Larval Ecology. Newman (1989) studied the Tornillo Flat population in Big Bend National Park, Texas, and found larvae metamorphosed only from low—density ponds, or ponds that refilled before drying. With enough food S. couchii larvae developed very rapidly (eight to sixteen days). Rapid development maximized the probability of completing development before the pond dried but resulted in small size at metamorphosis.  raised larvae in a factorial field experiment manipulating food level, larval density, and pond duration to test if timing of metamorphosis can be altered by pond drying and to determine if the response to drying is affected by growth history. Both pond duration and growth history affected timing of metamorphosis, but pond duration explained most of the variation in timing of metamorphosis. For a given pond duration, larvae in high—food ponds metamorphosed earlier than did larvae in low—food, low—density ponds. Short pond duration accelerated metamorphosis at a smaller size and with relatively smaller hindlimbs. Larvae may actively avoid desiccation by metamorphosing earlier from short—duration ponds, but probably benefit by delaying metamorphosis in longer duration ponds. The similar relations between pond drying and metamorphosis in experimental ponds and natural ponds indicate that developmental plasticity may play an important role in the ecology of this population. Dayton and Wapo (2002) observed instances of tadpoles feeding on the eggs of conspecifics and duplicated the behavior in the lab. Dayton and Fitzgerald (2001) tested the hypotheses that non-overlapping use of breeding sites by species that use ephemeral breeding sites was due to activity rates of tadpoles that in turn reflect their competitive ability and susceptibility to predation. They found tadpoles of S. couchii were significantly more active and more susceptible to predation than were tadpoles of other species (Gastrophryne, Anaxyrus) that use temporary pools for reproduction. Davis and LaDuc (2017) observed two large aggregations of Scaphiopus couchii tadpoles were found in a shallow, ephemeral pool along a dirt road on Jeff Davis County, Texas. Each aggregation consisted of approximately 700 tadpoles that were visible at the surface of the water. However, turbid water and the presence of individuals at the bottom of the pool prevented a more accurate assessment of the number of tadpoles in each aggregation. Surrounding these large aggregations were smaller aggregations of 8–20 tadpoles. In sum, the total size of each of these aggregations likely exceeded 1000 tadpoles. Most individuals were feeding at the water surface in a vertical position. Aggregations have been observed in other spadefoots (Bragg 1965), this appears to be the first detailed description of aggregation behavior in the field for S. couchii.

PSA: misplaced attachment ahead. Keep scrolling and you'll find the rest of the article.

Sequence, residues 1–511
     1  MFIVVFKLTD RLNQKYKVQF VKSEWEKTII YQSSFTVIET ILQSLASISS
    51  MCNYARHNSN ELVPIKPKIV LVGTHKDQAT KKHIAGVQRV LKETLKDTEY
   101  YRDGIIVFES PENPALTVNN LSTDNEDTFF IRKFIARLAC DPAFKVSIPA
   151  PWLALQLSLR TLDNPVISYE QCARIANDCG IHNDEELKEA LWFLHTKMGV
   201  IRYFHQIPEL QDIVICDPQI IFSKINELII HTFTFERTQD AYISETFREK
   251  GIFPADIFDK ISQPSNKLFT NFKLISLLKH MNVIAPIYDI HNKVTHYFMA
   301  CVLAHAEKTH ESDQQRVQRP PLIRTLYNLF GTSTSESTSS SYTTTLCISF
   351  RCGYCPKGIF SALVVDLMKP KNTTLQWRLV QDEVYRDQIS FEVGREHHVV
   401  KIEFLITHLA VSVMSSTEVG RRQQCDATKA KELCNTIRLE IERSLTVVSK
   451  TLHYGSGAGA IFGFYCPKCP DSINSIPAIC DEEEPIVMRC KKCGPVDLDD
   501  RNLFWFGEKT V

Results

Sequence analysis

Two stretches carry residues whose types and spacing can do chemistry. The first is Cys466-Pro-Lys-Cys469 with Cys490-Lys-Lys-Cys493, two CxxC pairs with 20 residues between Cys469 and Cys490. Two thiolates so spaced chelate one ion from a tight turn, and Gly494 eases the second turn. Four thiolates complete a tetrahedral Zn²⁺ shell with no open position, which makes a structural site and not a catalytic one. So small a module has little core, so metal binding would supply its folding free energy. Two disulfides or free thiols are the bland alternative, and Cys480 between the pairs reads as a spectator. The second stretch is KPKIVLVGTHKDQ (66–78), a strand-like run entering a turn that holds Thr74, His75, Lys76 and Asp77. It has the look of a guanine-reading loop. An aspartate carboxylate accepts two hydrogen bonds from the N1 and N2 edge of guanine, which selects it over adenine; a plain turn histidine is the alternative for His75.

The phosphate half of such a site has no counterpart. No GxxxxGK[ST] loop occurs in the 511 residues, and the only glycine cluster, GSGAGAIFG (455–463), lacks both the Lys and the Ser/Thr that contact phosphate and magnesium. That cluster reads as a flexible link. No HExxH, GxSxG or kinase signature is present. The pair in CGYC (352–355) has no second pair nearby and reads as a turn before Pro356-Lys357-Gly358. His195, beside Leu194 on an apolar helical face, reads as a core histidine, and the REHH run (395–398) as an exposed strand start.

Conservation. The IUCN considers this a species of Least Concern, it is widespread, abundant, and there are few reasons to consider this species threatened. Morey (2005) looked at historical versus current abundance and suggests Couch’s spadefoot toads are probably more abundant today than in the past wherever open country still exists, and human activities have created temporary impoundments (Dimmitt, 1977).  He points to southeastern California, where, in some places, road and railroad construction has inadvertently increased the number of temporary pools, many of which have been colonized by Couch’s Spadefoots.  The change in historical versus current abundance, however, is that Couch’s Spadefoot is now absent wherever urban development and irrigated agriculture have destroyed habitats.  Dimmitt and Ruibal (1980a) found Couch’s spadefoot toads at a frequency of 0.5/100 km on dry nights and 22/100 km on rainy nights in the San Simon Valley. Couch’s Spadefoots do depend on vernal pools for reproduction. These pools lack fish, which would consume eggs and larvae.